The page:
These are called "Little Round Things" because, well...first I wanted to call them Sconeamon Buns. We took a batch up to Mary's mom to try because she is a great pastry tester! The next day, my Mary was up there and her Mom asked her if she had brought more of the "little round things", so there you go.
These are not easy if you have never made scones before, but I think I can walk you through it pretty well. If not, we'll set up a demo down here in the Bear Creek Bakery Kitchen and have us a time!
My basic scone dough is the dry and crumbly type and it works best for this recipe.
2 1/2 cups flour
1 cup sugar (sifted if there are lumps)
1/2 teaspoon salt
2 1/2 teaspoons baking powder
2/3 cup milk or Half and Half
1 whole stick chilled butter
1/2 stick (or a little more) softened, spreadable butter
Cinnamon, about 2 tablespoons or to taste
Brown sugar, about 12 teaspoons
Mix all the dry ingredients together well (except the cinnamon and brown sugar).
Add the one whole stick of chilled butter cut into small pieces (about 1/4 inch thick) into your dry flour mixture.
Work the butter well into your flour, mixing by hand until you can feel no more lumps of butter.
Make a well at the bottom and add 2/3 cup milk or Half and Half (for a richer flavor).
Mix (but don't overmix) with a large spoon until everything is incorporated, it will be lumpy.
Preheat oven to 400 degrees
Lightly spray an airbake pan (my favorite method) or a good, thick cookie sheet with baking spray; set aside.
Dump 1/2 cup of flour on your kitchen table (if you don't mind cutting on it) or a large cutting board. Mix it around a bit with your hands because you'll need it on them, until it's a spot about 12 inches by 12 inches. Go back to your dough and bring it together by hand just enough so you can get it from the bowl in one piece and lay it on the flour on your table or cutting board. Push down lightly to cover the bottom quarter of the dough with flour, turn it 90 degrees and push down again doing the same thing. Repeat this process until all four sides are done. Now form the dough into a dome and push it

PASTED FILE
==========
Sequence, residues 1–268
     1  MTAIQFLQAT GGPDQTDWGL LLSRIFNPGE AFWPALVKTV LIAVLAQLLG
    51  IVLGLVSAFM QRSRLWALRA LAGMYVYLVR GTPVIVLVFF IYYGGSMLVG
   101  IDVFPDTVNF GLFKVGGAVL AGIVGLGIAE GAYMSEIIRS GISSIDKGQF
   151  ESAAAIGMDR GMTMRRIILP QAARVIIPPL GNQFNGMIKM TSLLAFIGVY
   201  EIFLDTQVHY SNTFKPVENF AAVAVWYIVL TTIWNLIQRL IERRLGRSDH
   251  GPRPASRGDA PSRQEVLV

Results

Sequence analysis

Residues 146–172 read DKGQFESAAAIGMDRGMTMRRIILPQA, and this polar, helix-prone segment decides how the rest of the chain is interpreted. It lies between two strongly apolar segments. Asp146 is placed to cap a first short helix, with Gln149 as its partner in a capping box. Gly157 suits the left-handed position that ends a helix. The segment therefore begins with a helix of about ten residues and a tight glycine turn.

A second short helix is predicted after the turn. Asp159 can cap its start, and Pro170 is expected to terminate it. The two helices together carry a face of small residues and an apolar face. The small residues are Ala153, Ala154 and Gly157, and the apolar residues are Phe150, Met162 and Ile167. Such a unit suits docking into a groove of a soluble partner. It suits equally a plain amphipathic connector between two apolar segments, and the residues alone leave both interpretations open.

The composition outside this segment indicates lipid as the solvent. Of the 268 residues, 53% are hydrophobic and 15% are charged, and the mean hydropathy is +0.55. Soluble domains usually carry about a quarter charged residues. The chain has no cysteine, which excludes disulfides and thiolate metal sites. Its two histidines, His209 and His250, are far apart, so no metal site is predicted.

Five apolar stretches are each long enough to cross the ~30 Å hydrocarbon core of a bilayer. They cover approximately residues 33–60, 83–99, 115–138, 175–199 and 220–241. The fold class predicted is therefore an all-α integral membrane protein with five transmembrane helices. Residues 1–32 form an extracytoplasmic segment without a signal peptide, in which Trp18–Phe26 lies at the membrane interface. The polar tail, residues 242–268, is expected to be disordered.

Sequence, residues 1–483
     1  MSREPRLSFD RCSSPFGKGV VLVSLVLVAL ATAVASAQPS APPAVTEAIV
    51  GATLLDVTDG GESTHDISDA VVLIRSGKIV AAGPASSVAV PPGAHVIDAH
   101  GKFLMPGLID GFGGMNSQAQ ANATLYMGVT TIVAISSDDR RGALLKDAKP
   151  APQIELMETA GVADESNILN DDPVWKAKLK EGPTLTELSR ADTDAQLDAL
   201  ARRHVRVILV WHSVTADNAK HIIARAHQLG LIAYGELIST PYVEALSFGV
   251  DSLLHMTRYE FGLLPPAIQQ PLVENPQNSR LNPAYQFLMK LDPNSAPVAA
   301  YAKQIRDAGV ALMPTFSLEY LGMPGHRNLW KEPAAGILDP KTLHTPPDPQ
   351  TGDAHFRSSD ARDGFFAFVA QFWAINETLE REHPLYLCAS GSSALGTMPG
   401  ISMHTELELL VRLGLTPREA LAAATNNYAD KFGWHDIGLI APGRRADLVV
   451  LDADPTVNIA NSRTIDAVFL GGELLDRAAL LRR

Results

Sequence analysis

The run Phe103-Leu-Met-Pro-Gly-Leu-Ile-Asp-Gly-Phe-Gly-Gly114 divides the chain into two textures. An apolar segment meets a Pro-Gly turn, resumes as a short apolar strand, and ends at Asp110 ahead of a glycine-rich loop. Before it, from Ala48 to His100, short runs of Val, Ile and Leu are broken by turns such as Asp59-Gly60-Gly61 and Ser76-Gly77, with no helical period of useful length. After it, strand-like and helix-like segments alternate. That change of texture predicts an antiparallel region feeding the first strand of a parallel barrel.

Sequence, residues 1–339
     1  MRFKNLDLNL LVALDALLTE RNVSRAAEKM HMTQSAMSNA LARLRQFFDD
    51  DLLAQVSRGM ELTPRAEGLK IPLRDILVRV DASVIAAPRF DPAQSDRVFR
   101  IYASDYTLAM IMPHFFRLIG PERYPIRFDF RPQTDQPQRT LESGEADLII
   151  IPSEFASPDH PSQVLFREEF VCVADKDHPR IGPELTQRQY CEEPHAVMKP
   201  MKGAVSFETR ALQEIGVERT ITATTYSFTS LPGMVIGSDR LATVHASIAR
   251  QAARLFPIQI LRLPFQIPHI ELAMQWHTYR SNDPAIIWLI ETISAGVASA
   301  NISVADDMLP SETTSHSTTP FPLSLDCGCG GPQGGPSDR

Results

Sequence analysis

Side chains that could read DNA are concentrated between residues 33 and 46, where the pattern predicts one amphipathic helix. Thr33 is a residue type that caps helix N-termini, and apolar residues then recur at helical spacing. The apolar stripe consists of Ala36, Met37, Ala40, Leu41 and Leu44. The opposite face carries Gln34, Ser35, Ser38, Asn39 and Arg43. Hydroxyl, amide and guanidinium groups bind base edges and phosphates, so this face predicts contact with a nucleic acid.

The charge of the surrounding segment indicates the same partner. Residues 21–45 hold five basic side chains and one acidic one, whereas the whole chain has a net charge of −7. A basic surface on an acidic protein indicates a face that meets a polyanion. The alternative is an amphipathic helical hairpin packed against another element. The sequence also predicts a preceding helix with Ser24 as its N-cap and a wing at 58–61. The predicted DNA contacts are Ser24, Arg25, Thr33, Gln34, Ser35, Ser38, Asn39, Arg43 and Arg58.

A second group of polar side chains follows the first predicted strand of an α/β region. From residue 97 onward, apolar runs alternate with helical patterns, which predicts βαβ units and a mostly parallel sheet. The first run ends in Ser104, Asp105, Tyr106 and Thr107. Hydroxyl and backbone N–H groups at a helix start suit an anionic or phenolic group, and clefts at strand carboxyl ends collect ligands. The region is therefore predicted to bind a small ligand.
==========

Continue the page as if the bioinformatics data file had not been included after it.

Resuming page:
flat to about three inches thick. Turn over and push down again to about 1 inch thick. Begin pressing flat by hand (turning over carefully to incorporate a little more flour for easier handling if necessary) into a rectangle about 8 inches wide and 12 inches long. It should be about 1/2 inch thick. Once that's all done, the fun begins.
Butter the dough rectangle liberally. Sprinkle liberally with cinnamon (good cinnamon like Ground Saigon Cinnamon from Costco) or whatever you have on hand. The next part may take a little practice, but you'll get it soon. Roll the dough the long way, pressing it together lightly with your fingertips as you go. Once you have formed your roll completely, push the ends together lightly toward the center of the roll. Work the roll lightly with your hands until it's evenly sized. It will be
12 inches or so long. With a very sharp knife (I use my Chinese Cleaver), cut the roll into 12 even pieces with one quick downward stroke.
Place the rolls evenly on your baking sheet flat side down, I make 4 rows of three rolls each. Put a teaspoon of brown sugar on top of each one of the rolls and don't worry if some of it falls on to the baking sheet. Then drizzle about a teaspoon of melted butter on top each one of the rolls and the brown sugar.
Place in your preheated oven and bake until the edges just begin to brown and the tops of the rolls begin to turn golden brown. My oven takes 16 to 18 minutes, so begin checking them after about 15 minutes just to be sure. Use your oven light, don't open the door.
When finished, remove from oven and let them sit on the baking sheet 4 to 5 minutes. Remove to a cooling rack and just try not to eat one immediately.
These sound rather labor intensive, but after you get the hang of the recipe, you can turn them out in about 12 to 15 minutes, so a second batch right after the first is gone, is easy! And that's a good thing, because they sure disappear quickly!